There's so much right from the beginning that sets this apart as a different type of spy comic. Taking place in the early 70s, right away you get a sense of the different time period. This might limit the story in some ways but it will also help ground the story in reality a little more. Too often when we read stories involving spies and secret agencies, our sense of disbelief can get stretch to its breaking point. We can assume with this time period we won't be seeing a slew of futuristic secret gadgets that always conveniently help the agents get out of sticky situations. This appears to be more of a story on the actual characters and you get an immediate sense of the skills they possess.
Ed Brubaker also takes another different approach by not having this immediately be about going on a secret mission. The focus is actually on the aftermath of one. This allows us to get a glimpse into the inner workings of this agency and a chance to get to know our players without the forced feeling of introductions. With the death of an agent, the mystery builds. We only scratch the surface as to who Velvet is but what we do is pretty fantastic.
Steve Epting's art here is evidence why I'm so fond of him as an artist. He jumps right in and captures the feel of the time period perfectly. Combined with Elizabeth Breitweiser's colors, this book is a visual feast. We've seen the two on several superhero titles in the past but this, in no way, resembles a superhero comic. I'm always impressed when we see scenes involving other objects. Even a scene involving a car chase stands out as the focus shifts to the scenery and background rather than some characters duking it out. Adding Breitweiser as the colorist was a brilliant move. There's so many details in the expressions of the characters and the lighting used in different scenes, it all really gives the story a cinematic feel.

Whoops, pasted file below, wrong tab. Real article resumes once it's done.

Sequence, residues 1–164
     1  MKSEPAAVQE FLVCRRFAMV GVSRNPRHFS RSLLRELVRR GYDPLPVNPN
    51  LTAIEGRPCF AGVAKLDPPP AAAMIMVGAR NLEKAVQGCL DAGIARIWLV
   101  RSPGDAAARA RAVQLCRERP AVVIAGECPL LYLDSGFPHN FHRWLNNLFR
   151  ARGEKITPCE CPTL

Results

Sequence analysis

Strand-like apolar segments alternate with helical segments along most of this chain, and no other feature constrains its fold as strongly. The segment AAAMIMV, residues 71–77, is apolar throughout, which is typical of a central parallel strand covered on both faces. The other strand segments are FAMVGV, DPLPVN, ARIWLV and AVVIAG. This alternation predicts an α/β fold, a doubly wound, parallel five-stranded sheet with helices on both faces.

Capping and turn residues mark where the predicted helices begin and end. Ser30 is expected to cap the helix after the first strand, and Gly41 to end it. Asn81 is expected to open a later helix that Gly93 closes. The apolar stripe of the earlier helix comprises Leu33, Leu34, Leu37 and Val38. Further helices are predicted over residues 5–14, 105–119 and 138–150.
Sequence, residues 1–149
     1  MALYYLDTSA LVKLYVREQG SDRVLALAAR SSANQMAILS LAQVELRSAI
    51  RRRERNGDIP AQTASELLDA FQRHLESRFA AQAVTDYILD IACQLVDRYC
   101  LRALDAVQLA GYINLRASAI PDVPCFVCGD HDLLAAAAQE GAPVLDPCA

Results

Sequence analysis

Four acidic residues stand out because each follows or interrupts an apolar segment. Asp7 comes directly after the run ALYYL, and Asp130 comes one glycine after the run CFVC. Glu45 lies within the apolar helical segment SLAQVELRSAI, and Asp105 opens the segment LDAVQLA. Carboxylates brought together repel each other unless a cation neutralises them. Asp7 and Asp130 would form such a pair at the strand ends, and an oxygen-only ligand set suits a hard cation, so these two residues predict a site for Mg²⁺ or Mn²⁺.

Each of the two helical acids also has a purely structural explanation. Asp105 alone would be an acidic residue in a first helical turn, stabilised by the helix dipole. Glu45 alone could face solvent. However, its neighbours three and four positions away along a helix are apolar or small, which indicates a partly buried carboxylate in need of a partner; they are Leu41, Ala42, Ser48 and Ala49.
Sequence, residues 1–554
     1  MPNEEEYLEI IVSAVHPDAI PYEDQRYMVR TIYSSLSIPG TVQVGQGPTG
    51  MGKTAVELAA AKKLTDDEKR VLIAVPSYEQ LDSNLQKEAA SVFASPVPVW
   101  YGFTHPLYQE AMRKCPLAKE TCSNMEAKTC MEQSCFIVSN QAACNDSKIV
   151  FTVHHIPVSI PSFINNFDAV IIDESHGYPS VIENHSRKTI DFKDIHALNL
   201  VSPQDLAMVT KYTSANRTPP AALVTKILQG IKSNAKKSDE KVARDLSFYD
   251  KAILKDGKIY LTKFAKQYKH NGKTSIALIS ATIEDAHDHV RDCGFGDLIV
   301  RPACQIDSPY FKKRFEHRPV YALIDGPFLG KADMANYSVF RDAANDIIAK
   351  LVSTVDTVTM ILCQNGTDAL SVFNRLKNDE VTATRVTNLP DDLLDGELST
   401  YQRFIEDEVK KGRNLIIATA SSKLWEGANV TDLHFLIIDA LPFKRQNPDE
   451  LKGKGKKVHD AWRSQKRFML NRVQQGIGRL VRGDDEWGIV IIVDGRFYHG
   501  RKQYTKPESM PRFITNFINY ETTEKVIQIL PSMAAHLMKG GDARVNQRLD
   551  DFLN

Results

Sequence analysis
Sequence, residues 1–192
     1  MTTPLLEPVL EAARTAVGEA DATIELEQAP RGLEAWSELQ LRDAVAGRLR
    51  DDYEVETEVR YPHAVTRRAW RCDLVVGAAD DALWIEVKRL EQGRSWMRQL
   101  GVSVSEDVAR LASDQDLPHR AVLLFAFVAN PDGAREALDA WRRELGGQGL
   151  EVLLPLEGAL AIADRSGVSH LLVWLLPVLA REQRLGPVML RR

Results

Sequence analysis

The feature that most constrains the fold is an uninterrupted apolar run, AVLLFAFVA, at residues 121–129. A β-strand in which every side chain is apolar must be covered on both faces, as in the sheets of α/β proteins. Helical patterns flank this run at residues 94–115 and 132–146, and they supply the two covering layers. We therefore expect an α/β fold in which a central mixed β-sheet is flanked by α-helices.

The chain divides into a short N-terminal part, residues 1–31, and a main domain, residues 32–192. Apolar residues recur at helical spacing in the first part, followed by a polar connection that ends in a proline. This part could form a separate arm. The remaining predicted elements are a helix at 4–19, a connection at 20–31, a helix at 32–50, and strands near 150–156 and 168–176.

It's safe to say this is a series I am going to look forward to look at as much as I will to read.
In the opening pages, there is a narration about Velvet. It's a little unclear who exactly is doing the narration, given how that scene ends. Perhaps it's a mystery!
This is a series that will make you want to personally thank Ed Brubaker for coming up with. It's always great to have a comic series that stands apart from the others on the shelves. Getting some variation in our reading is crucial and Brubaker gives us a different sort of spy story. Rather than focus on the unstoppable secret agent, we actually see someone else in the organization take the spotlight. It might be easy to think that just because we have a new espionage series with a female lead that things would get overly sexual. Brubaker shows that isn't the case. Velvet is not your typical female comic character and in just a few pages, she shows she can kick all sorts of ass. Steve Epting's art and Elizabeth Breitweiser's colors put this over the top. You can tell right away this is going to be a great series to read and enjoy. It's time to make room on your pull list because this is one that deserves to be on it.